In order to have successful results with LST, it’s important to consider your plant’s lighting and feeding needs. Plants need a specific amount of light and nutrients to thrive, so it’s important to understand how these two factors can impact your training process.
Firstly, let’s talk about lighting. Generally, cannabis plants require between 18-24 hours of light when growing vegetatively. Once you’ve transplanted your plant into its larger container it’s important to use a high-quality grow light that will provide consistent and reliable light. The easiest and most popular option is to use a 600-watt high-pressure sodium (HPS) light. Keep the light at least 12 inches away from your plant to avoid seedling burn or affecting the growth process. You can gradually reduce the light period to 12 hours as it nears its flowering phase. Adjusting the light cycle is essential for triggering flowering in your plant.
Moving on to feeding your plant, nutrition plays a crucial role in its overall health and growth. Make sure you use high-quality soil and nutrient-rich fertilizers when planting your seed. Once your plant has developed a strong root system, you can fertilize it accordingly. It’s important to remember that every strain has its own specific nutrient requirements, so be sure to follow the instructions on your fertilizers. Typically, it is recommended to feed your plant once or twice a week, depending on the nutrient needs of the strain.
Here’s a table summarizing the main points to remember when tending to your plant’s lighting and feeding needs:
|Use a high-quality grow light||Use nutrient-rich fertilizers|
|Provide consistent light between 18-24 hours daily during vegetative phase||Feed once or twice a week, depending on the nutrient needs of the strain|
|Use 600-watt HPS light||Follow instructions on your fertilizers and adjust accordingly|
|Keep light at least 12 inches away from your plant|
|Gradually reduce light period to 12 hours before flowering|
By taking proper care of your plant’s lighting and feeding needs, you’re setting the foundation for a successful LST process.
Pruning and Topping
Pruning and topping are essential techniques to prepare your plant for Low-Stress Training (LST). Here are the steps you should follow to properly prune and top your plant:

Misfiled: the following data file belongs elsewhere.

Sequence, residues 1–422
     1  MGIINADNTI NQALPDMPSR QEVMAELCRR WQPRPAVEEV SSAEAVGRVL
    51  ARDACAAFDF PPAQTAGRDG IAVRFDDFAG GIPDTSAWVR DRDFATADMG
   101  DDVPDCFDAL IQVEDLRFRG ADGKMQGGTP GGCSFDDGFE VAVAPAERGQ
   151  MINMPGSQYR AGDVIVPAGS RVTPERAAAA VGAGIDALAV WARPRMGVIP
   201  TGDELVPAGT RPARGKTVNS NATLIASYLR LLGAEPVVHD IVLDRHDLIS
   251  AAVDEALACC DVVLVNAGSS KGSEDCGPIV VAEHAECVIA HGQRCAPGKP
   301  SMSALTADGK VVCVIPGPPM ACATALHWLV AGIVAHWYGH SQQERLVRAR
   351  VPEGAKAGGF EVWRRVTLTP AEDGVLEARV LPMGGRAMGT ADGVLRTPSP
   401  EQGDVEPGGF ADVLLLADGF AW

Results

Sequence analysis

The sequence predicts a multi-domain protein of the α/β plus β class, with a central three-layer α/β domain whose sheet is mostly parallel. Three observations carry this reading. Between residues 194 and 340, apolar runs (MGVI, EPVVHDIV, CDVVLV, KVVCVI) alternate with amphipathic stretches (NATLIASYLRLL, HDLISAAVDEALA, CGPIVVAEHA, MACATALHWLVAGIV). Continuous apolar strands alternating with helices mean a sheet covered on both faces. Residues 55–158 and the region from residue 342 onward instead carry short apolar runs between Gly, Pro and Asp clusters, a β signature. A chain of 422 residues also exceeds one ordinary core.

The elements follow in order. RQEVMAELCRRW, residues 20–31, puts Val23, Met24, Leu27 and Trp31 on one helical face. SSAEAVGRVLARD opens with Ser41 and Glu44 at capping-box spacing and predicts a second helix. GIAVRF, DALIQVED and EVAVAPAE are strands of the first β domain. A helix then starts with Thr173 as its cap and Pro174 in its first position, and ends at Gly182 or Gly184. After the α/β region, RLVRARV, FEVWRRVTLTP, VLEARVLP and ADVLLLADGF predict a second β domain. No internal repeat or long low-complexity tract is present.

- Identify the nodes: Nodes are where the branches meet the stem. Identify the nodes that are close to the top of the plant.
- Choose which nodes to cut: Decide which nodes to cut based on the shape you want for your plant. Cut the nodes that are going to grow at an angle that will not allow them to receive enough light.
- Use sterilized scissors: Make sure your scissors are clean and sterile to avoid introducing any bacteria or disease to your plant.
- Cut the nodes: Cut the nodes above a leaf set. This will encourage the plant to grow two new branches instead of one, making it bushier.
- Top the plant: Topping involves cutting the top of the plant above the newest growth nodes. This will force the plant to grow two new main branches instead of one, making it bushier and improving its yield.
- Wait for recovery: Give the plant some time to recover before proceeding with LST. It usually takes a few days for the plant to recover from pruning and topping.
Remember that pruning and topping should be done during the vegetative stage of your plant’s growth. Never prune or top your plant during the flowering stage, as it can severely affect your harvest. Following these steps will guarantee a healthy and productive plant that will respond well to LST techniques.
Advanced LST Techniques
Now that you’ve mastered the basics of LST, it’s time to take your plant training skills to the next level with some advanced techniques. These methods require a bit more finesse and expertise, but can ultimately result in an even bigger and better harvest. From mainlining to spiraling, we’ll dive into the world of creative LST and explore how to make the most of your plant’s genetic potential. So buckle up and get ready to learn some innovative strategies for boosting your yield with LST.
Mainlining is an advanced LST technique that involves a more structured approach to training your plant. It involves creating a symmetrical plant structure by pruning the plant down to its main stem and then training the remaining stems to grow evenly from that main stem.
To perform mainlining, you will need to follow these steps:
- Start with a healthy plant with at least four nodes.
- Remove all side branches and growth below the fourth node, leaving only the main stem and the top four nodes.
- Using two soft wires or tie-downs, gently pull down the top two nodes until they are even with the bottom two nodes. Be sure not to over-stress the plant by pulling too hard.
- Once the plant has grown another inch or so, repeat Step 3, this time pulling down the new growth until it is level with the other nodes.
- Continue this process until you have trained the plant to have eight main colas.
- Allow the plant to recover for a few days, then switch to a 12/12 light cycle to induce flowering.
Mainlining can result in a plant with a more even canopy, allowing for better light penetration and more efficient use of space. It can also increase yields and improve the overall quality of your harvest.